Saturday, September 6, 2014

To boldly blow up where no man has blown up before - Terminal Velocity

A straightforward arcade space combat sim. Terminal Velocity sees you in the pilot's seat of a powerful space fighter craft with the mission of blowing up everything in sight. There's a story presented in some splash screens and mission briefings in game, but it's honestly nothing important and like in a lot of older action games just serves as a cheap excuse to make things explode.

Terminal Velocity definably leans more towards arcade than full on simulation. The game doesn't care much, if at all, about the finer points of flight you can even find random powerups and weapon pickups scattered around the levels. this is not a bad thing as the game thrives on being fast paced, with little downtime in missions as you frantically fight off swarms of enemies in a hail of laser fire.
The game will see you fighting over several different planets.
As a flight sim, this is definitely a game that demands a joystick. while there are options to play with a mouse or just a keyboard, the game honestly works best with a joystick and plays wonderfully using one. Unfortunately, since this is an old doss game and I'm using a new joystick, I couldn't figure out how to make the game recognize all of my axes or buttons properly, and the game's config only seems to recognizes  4 buttons and a simple x and y axis. fortunately as the game is a fairly simple arcade game this isn't any real problem, the game ran just fine with what I could do and doesn't need a really advanced joystick, though thous of us who have the extra buttons or axis to spare might be a bit disappointed by this.

The Game's action takes place over the surface of various planets and to it's credit the game has manage to make levels fairly interesting, while there's plenty of open space to fly in, levels will see you flying through canyons, attacking military installations, or fighting off weapons turrets set on raised platforms. it's enough to keep things interesting and not just feel like you're flying through so much empty space. Also helping with this are the Tunnels.
Tunnels provide an interesting change of pace from the normal dog-fighting
A good amount of the game involves flying through tunnels found throughout the stages, shooting down enemies and barriers that block the way or dodging various obstacles. There's actually quite a few different obstacles and the game makes good use of the fact that you can readily control your speed in flight, going so far as to slow to a crawl to wait for an opening if needed. The tunnels can also come in various shapes and sizes, going so far as to allow for large underground rooms to dogfight or face bosses in. It's not as detailed as something like say, Descent, but it's enough to keep things interesting.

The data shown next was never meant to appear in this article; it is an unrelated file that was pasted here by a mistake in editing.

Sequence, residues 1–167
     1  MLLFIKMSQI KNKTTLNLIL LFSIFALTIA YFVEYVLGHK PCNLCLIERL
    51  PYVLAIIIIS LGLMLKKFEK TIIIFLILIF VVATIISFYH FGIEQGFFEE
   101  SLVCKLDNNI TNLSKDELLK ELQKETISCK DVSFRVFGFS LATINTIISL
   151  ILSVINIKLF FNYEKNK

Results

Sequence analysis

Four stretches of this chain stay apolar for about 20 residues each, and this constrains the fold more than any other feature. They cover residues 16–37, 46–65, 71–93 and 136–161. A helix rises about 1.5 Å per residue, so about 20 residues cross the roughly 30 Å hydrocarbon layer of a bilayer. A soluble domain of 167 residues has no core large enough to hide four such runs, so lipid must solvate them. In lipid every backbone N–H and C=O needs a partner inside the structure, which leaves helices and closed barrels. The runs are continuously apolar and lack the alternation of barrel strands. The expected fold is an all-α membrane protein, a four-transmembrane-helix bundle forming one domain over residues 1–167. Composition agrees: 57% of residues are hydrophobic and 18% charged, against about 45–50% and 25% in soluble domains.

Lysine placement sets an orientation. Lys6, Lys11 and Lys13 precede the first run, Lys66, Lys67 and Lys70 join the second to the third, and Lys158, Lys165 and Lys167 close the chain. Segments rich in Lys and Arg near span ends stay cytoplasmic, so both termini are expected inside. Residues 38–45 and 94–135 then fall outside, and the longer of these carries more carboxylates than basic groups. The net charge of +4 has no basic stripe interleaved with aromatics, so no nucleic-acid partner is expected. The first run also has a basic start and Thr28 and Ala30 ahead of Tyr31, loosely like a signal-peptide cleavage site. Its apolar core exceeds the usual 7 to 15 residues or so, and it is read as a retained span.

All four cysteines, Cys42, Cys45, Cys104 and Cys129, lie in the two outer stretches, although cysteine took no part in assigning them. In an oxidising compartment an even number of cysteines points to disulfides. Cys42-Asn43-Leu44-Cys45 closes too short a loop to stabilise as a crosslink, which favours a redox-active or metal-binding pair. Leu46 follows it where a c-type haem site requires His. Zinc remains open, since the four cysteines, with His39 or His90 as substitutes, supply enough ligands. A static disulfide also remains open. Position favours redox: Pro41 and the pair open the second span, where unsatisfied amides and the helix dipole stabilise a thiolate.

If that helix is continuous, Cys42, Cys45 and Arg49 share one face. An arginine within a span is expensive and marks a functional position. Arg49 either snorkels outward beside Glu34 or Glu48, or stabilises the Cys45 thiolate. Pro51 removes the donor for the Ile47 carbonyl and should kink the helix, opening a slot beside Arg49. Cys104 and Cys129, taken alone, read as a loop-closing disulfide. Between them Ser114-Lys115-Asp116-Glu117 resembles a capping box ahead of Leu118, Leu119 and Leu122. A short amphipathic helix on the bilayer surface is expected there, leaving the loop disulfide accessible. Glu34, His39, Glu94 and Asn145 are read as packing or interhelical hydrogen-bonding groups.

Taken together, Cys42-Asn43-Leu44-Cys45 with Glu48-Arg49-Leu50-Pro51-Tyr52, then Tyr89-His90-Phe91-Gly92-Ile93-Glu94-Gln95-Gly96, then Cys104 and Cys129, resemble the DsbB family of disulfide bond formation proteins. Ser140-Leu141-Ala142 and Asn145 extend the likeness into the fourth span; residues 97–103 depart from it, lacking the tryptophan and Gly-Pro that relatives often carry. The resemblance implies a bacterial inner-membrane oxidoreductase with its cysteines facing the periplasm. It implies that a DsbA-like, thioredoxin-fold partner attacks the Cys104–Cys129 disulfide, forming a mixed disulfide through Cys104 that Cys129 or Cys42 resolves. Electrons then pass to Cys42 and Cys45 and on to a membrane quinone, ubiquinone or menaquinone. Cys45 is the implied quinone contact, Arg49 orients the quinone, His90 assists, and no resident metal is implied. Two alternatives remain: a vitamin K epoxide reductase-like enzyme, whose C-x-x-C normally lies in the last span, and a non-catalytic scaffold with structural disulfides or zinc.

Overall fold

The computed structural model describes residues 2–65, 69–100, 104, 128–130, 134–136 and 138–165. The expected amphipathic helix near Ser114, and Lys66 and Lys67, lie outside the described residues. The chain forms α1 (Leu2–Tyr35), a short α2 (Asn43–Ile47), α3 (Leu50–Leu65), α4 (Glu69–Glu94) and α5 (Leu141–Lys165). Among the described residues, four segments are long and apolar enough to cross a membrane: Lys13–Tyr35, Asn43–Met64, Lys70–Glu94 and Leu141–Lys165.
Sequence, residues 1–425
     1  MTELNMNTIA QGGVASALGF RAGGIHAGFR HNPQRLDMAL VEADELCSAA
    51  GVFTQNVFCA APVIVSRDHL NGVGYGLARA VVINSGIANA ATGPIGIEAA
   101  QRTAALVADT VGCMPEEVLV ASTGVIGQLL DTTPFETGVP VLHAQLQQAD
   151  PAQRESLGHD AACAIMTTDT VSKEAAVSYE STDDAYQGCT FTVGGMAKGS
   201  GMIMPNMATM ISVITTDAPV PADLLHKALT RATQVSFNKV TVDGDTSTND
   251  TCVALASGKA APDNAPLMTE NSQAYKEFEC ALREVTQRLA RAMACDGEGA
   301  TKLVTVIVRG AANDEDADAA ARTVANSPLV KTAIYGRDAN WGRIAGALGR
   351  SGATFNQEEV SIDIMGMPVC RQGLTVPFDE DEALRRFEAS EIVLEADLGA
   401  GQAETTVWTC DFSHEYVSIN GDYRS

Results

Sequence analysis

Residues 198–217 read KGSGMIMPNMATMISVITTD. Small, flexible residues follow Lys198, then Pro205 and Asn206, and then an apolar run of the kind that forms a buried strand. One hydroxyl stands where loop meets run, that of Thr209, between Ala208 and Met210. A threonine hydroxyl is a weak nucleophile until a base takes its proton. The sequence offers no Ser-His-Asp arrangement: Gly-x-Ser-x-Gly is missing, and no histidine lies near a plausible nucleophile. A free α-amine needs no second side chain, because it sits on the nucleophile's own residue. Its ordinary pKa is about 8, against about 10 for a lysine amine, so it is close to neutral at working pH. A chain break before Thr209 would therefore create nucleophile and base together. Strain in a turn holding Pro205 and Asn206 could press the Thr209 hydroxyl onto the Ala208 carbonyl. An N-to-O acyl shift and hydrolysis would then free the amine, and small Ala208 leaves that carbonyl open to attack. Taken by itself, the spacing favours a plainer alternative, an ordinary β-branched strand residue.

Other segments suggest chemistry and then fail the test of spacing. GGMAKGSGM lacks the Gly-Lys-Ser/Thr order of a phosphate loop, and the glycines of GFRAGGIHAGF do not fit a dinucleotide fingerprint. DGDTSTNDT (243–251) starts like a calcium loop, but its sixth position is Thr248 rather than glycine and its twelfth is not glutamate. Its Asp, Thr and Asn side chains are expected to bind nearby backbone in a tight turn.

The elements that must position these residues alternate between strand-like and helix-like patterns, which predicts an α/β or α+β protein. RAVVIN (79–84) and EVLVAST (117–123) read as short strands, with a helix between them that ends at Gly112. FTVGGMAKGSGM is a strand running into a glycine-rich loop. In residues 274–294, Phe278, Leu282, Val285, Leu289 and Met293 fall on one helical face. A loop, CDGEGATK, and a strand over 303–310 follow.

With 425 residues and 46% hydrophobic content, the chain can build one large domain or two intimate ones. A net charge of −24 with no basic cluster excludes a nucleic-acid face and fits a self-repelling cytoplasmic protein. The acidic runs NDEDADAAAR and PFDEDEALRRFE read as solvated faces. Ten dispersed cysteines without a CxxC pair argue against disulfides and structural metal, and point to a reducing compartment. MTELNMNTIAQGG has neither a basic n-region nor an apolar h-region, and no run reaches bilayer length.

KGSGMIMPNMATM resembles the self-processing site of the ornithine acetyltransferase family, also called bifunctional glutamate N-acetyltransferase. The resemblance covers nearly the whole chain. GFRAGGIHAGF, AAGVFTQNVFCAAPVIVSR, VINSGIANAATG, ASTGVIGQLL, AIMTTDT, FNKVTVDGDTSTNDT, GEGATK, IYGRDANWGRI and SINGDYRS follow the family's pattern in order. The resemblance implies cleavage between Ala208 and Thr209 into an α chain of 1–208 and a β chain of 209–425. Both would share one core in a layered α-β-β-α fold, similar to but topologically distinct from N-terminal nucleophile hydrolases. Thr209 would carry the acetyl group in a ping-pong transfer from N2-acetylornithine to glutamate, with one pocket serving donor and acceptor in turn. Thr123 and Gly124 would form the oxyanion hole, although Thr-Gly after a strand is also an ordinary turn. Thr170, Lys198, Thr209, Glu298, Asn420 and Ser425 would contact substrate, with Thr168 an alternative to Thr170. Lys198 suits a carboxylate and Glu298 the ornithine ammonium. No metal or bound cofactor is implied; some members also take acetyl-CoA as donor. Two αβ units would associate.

The music in game is unfortunately not very interesting. It sounds like the game wants to have a thumping techno or rock soundtrack but doesn't really have the teeth for it. Music tracks consist mainly of a simple beat with little else and audio quality isn't all that great, though that might simply be due to the game's age as it came out in 1995. It's not bad enough to make me rush to shut it off, but overall the music is just sort of... there.
Each planet ends with a large boss fight such as this.
The game's sound is fortunately is a lot better. Everything sounds like it should from weapons fire to explosions. Sound is nice and clean and manages to hold up well when things get frantic, making battles sound nice and chaotic without getting too noisy. Overall it does what it needs to and there's nothing to really complain about.

The games graphics are a bit of a mixed bag. The game boasted cutting edge 3d graphics when it came out and it does show, each planet you'll be flying over has it's own look, enemies have unique designs and there's even CG cutscenes for travel between planets. The problem is since it's an older game it hasn't aged well, everything's now fairly pixelated and particularly the CG cut scenes look really primitive by today's standards. This creates a problem as enemies and objects at a distance are reduced to unrecognizable dots until you get fairly close.
cutscenes like this play between missions as you move from plant to planet.
Outside of what I mentioned above the game surprisingly doesn't have many flaws. I didn't come across any real bugs and the worst thing I did encounter was likely the not very interesting music. The game does exactly what it set out to do and most of my problems with it are more a matter of the game aging rather than something fundamentally wrong with it.

That said, I'll have to note that the game is both simple, and fairly short. there's not a lot to it and the game is only a couple of hours long at best. Though for a game this simple it's probably for the best. This is not a game with a lot of deep features or complex gameplay, it's just you flying your ship around making things explode and it's very good at doing that. Well worth a look if you want something nice and simple you can quickly jump into, but those who want their games more complex should probably look elsewhere.

Terminal Velocity was developed by Terminal Reality and published by 3D Realms. It is available on GoG.

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